- When the facts relating to the defendant's theft by taking and malfeasance in office convictions allegedly arose from the same alleged conduct, but were not known to the state in a prior malpractice in office action and the new offenses involved proof of additional facts, the trial court properly denied the defendant's plea in bar of double jeopardy under O.C.G.A. §§ 16-1-7 and16-1-8. Atkinson v. State, 263 Ga. App. 274, 587 S.E.2d 332 (2003).

Subsequent prosecution denied since prosecutor had earlier knowledge.

- At the time defendant pled guilty to reckless conduct, the prosecutor was aware of facts in the arrest report that clearly contained evidence of aggravated assault, therefore, knowledge of other crimes was imputed to the prosecutor and subsequent prosecution of defendant under aggravated assault indictments was barred by O.C.G.A. §§ 16-1-7 and16-1-8. Billups v. State, 228 Ga. App. 804, 493 S.E.2d 8 (1997).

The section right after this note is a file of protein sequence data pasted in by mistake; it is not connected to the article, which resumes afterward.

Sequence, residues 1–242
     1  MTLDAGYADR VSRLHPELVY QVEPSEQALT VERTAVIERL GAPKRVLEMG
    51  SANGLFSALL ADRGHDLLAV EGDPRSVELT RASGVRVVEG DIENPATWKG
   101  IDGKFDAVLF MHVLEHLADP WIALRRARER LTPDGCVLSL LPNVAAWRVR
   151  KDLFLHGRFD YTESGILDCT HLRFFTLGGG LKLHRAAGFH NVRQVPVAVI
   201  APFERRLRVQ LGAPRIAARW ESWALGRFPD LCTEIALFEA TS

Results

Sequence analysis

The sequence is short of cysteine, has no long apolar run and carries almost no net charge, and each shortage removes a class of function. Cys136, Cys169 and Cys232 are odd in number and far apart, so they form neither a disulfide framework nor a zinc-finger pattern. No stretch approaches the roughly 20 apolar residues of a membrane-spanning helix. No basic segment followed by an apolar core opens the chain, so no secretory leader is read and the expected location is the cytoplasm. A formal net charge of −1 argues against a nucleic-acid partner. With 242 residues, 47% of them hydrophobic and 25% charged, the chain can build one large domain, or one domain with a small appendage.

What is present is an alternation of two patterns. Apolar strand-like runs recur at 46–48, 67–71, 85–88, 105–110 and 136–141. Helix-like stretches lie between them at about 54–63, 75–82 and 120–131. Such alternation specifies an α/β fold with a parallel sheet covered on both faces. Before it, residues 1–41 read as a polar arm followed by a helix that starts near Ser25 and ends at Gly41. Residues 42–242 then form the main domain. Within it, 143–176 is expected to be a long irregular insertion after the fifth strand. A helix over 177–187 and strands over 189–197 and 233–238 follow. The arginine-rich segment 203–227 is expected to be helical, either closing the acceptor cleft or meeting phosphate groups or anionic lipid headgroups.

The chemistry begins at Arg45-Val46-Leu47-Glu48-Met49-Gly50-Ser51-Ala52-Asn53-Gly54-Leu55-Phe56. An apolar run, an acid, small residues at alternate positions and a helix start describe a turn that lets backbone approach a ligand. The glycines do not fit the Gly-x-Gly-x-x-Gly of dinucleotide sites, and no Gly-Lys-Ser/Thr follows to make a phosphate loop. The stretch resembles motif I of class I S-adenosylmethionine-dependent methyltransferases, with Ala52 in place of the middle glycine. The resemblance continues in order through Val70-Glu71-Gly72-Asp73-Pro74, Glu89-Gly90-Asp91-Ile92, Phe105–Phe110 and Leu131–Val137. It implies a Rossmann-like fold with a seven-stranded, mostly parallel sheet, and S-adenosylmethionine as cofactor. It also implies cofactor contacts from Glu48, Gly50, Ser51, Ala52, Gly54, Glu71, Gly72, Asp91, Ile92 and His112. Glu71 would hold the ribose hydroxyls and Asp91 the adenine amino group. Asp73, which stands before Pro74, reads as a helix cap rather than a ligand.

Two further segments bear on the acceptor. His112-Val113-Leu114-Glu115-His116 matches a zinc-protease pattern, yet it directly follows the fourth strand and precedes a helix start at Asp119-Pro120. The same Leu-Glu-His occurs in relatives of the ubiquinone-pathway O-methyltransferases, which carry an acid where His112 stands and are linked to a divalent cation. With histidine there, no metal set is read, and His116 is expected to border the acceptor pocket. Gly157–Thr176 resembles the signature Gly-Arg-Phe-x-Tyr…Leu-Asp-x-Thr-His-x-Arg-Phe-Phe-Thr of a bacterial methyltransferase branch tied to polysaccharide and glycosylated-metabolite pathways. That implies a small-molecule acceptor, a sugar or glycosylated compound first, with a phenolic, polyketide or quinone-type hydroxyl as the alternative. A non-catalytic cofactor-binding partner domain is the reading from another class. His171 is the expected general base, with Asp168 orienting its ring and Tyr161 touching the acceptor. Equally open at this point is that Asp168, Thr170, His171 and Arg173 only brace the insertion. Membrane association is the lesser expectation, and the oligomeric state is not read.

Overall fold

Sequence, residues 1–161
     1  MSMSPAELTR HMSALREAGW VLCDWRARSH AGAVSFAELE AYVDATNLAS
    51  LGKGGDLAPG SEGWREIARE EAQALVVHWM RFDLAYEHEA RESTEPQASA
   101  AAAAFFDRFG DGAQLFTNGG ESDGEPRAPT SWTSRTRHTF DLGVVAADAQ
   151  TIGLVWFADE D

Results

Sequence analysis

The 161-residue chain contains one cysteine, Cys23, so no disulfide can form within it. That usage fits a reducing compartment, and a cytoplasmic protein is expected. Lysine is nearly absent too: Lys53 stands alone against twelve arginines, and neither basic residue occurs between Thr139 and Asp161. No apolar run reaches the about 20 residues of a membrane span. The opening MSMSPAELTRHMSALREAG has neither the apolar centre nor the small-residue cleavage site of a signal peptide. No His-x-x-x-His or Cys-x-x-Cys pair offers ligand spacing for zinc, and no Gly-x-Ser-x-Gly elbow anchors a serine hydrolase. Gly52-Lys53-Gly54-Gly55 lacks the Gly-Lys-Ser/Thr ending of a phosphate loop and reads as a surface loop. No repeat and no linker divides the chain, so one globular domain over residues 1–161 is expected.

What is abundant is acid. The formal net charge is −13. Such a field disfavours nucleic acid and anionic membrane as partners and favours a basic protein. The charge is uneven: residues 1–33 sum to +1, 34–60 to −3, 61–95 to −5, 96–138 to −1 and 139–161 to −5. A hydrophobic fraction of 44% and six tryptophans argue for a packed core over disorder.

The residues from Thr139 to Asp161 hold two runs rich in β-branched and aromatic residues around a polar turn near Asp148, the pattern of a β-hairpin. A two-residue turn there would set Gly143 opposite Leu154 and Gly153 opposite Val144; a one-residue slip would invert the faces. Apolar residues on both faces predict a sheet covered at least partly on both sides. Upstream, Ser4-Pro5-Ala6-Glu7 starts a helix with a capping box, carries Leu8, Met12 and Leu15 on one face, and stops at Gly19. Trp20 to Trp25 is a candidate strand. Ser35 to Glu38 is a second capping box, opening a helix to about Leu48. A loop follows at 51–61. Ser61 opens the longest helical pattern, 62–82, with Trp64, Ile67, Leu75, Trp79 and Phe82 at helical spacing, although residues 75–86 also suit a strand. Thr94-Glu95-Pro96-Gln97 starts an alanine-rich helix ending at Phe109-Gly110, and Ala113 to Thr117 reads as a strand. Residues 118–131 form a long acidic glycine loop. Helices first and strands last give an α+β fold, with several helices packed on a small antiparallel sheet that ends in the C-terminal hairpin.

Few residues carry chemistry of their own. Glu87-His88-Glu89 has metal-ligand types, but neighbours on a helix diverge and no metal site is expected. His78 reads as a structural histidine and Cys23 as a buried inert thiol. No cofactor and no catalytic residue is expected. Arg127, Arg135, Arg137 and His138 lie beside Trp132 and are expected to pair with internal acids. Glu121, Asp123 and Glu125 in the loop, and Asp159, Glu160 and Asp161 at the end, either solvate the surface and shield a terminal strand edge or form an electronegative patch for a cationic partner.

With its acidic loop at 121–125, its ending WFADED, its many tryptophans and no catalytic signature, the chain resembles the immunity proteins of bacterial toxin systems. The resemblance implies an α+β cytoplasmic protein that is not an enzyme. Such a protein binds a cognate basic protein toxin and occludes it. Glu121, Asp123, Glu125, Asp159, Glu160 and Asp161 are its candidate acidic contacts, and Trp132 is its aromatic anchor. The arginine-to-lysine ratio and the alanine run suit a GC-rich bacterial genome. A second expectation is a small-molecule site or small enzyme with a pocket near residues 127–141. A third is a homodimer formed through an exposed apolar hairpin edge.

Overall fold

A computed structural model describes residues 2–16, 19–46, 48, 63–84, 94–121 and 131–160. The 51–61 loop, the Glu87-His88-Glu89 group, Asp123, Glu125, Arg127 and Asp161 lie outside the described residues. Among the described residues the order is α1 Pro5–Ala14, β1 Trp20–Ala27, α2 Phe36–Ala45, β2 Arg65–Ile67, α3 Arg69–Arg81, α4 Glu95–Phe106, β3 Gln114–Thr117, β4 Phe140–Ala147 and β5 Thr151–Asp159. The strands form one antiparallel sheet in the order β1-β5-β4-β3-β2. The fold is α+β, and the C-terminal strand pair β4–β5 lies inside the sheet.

Term "same conduct" means activities relating to the "same transaction," or earlier crime, not "the same type of conduct," thus, drug sales on March 12 and 25 were not the "same conduct" as a sale made in April, a separate and distinct transaction, and prosecution under two indictments was not barred. State v. Gillespie, 206 Ga. App. 427, 425 S.E.2d 418 (1992).

Conviction for violating county ordinance did not bar conviction under code.

- Defendant's pit bull mauled a child. The defendant's conviction in recorder's court of violating a county ordinance by failing to exercise ordinary care in controlling the defendant's pet for the protection of others was sufficiently separate from a misdemeanor reckless conduct charge under O.C.G.A. § 16-5-60(b), which required proof of a gross deviation from the standard of care, that a successive prosecution for violating § 16-5-60(b) did not violate the double jeopardy ban. State v. Stepp, 295 Ga. App. 813, 673 S.E.2d 257 (2009).